Season 4 Artists

Season 4 Artists

Dierks Bentley

Dierks Bentley

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Seven albums into one of country music’s most-respected and most-unpredictable careers, award-winning singer/songwriter Dierks Bentley continues to grow. His latest evolution comes in the form of RISER, a project released in early 2014 that stands as his most personal to date.

Written and recorded in the year following his father’s death, the album draws its title from “I’m A Riser,” a song about resilience and determination. “I’m A Riser” works as a commentary on spiritual, personal and societal recommitment, but it also applies to the competitive battlefield of the music industry. It’s particularly appropriate for an album about rejuvenation delivered by Bentley.

“Life in general has a way of knocking you down,” Bentley says. “It’s different reasons for different folks – could be personal reasons, could be family reasons, your job, drugs, alcohol. That song really applies to anybody that’s lived. There have always been those moments when we have to get back up and get on our feet. They are defining moments…breakthrough moments.”

Accepting change – and growing from it – is a key theme in RISER, and it’s reflected by the tone of the album, which demonstrates a new artistic depth and an extralevel of intensity for Bentley. It evolves from track to track, exuding a range of emotions, all the while impressing upon the listener that Bentley’s instinct for a hit is stronger than ever. Bentley made significant reconfigurations in his creative team to shake up his sonic texture without sacrificing his commercial drive. He re-enlisted executive producer Arturo Buenahora Jr., who worked on Bentley’s first two albums; and utilized producer Ross Copperman, who co-wrote “Tip It On Back” for Bentley’s current album Home.

The new atmosphere yielded the most focused and intense vocals of Bentley’s career. Some were recorded live with the band as the musicians laid down the tracks, but others were captured in less-than-obvious locales. One track’s vocal was recorded on Bentley’s tour bus. Still others were cut at Copperman’s house with the producer literally at Bentley’s side, pushing him to some of his most emotional, and seasoned, performances.

“It’s not even really a studio,” Bentley says of Copperman’s set-up. “It’s just kind of a corner of the house he’s taken over, so there was a kind of intimacy to the vocal process. It was important to get out of the studio and sing in different places, and to do it with other people in the room. That way, you have an audience and you get a sense of what’s working, what’s not working, when it’s feeling good, not feeling good. It brings a little more emotion and energy out of your voice.” Since making a life-altering drive with his father from Phoenix to Nashville when he was 19 years old, Bentley has forged his own path in an industry built predominantly on formula. He has mixed elements of modern country, classic country, bluegrass and rock, maintaining an unmistakable identity while constantly reinventing his sound. His album Home debuted at No. 1 and spawned three consecutive chart-topping hits, marking 10 career No. 1 songs for Bentley as a singer and songwriter. His five previous studio albums have sold more than five million copies, garnered 11 GRAMMY nominations and earned him an invitation to join the Grand Ole Opry.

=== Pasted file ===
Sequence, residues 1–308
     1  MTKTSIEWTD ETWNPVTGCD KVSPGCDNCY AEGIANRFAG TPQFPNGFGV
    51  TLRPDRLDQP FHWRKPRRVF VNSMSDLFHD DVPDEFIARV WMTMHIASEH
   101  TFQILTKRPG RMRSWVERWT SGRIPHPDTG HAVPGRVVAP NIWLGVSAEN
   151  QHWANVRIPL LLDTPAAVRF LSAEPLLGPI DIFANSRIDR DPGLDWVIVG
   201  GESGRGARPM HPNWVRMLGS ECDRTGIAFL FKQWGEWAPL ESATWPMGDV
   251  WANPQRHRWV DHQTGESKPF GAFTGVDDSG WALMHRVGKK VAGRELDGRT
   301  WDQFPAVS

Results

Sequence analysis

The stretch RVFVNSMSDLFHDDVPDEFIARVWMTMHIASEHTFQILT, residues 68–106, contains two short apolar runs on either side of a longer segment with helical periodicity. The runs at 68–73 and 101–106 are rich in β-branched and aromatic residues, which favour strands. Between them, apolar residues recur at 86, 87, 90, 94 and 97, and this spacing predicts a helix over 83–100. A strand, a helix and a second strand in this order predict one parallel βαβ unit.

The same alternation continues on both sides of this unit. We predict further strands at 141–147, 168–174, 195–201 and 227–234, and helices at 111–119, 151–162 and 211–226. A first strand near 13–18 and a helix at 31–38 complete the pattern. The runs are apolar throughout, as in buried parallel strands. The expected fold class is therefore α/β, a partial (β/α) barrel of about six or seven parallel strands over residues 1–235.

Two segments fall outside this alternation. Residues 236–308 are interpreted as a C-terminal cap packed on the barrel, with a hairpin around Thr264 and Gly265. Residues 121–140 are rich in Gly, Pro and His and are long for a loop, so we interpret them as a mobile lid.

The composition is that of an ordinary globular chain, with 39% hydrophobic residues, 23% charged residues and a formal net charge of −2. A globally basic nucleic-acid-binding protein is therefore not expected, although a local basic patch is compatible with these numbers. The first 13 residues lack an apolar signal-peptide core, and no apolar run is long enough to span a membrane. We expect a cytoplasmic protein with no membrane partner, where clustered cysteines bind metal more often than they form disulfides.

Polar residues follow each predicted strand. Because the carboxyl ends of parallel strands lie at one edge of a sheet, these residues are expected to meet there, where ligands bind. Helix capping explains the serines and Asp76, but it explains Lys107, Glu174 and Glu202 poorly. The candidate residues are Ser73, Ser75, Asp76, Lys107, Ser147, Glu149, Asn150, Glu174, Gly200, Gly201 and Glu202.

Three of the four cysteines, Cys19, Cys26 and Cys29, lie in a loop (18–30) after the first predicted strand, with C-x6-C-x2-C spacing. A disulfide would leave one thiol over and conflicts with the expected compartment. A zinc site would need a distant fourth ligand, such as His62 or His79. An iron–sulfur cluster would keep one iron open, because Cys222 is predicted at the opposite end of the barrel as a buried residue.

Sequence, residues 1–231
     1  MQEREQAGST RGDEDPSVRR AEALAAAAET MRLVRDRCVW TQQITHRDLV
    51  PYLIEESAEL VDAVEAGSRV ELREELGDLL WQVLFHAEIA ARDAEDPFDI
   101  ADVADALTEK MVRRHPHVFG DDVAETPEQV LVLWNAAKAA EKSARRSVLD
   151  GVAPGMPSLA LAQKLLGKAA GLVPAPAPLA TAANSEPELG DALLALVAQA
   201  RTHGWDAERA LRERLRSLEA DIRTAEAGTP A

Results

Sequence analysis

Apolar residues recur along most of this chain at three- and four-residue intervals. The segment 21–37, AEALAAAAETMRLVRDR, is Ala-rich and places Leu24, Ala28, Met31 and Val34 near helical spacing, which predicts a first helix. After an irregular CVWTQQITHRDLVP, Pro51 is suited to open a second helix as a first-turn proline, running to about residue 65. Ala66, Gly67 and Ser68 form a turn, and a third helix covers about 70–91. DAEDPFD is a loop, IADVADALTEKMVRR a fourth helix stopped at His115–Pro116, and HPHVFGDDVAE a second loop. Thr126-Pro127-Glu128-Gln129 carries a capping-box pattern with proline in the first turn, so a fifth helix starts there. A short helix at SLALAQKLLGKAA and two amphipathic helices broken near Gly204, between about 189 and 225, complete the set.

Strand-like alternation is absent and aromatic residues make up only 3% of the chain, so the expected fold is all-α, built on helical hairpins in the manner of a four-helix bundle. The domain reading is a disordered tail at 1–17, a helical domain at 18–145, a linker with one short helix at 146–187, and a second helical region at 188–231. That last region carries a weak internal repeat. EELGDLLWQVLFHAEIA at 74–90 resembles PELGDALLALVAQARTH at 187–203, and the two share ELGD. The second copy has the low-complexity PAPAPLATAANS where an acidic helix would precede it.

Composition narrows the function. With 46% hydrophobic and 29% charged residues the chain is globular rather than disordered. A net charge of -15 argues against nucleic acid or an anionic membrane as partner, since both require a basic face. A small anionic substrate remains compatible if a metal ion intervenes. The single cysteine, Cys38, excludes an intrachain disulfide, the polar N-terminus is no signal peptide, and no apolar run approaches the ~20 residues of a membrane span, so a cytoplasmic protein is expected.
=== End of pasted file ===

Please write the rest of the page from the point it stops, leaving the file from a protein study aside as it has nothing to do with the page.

Keith Urban

Keith Urban

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In September 2013 Urban released his seventh studio album FUSE. His fourth #1 album marked the first time that a male Country artist has debuted atop the all-genre charts in the United States, Canada and Australia. The album’s first single, “Little Bit of Everything” took the top spot on the Country Singles Chart, as did “We Were Us”, featuring Miranda Lambert, which gave Urban a streak of five consecutive #1 songs (dating back to 2011’s “Without You”).

In 2001, the Country Music Association honored Urban with its Horizon Award, designating him a talented artist with a bright future. He was the first Horizon Award winner in history to go on to win the CMA’s Male Vocalist of the Year, a title he’s captured three times, and the coveted Entertainer of the Year. Since then Urban’s career has seen a long list of groundbreaking firsts and accomplishments reserved for the music industry’s elite.

He was the first Country artist to be named an American Idol judge, a role he willreprise for the show in its 14th season, and is a four-time GRAMMY® Award winner who has also won a People’s Choice, American Music Award and been nominated for a Golden Globe. He’s won eleven Academy of Country Music Awards and has had 16 #1 songs and five consecutive platinum or multi-platinum albums. In 2012 he became a member of the Grand Ole Opry.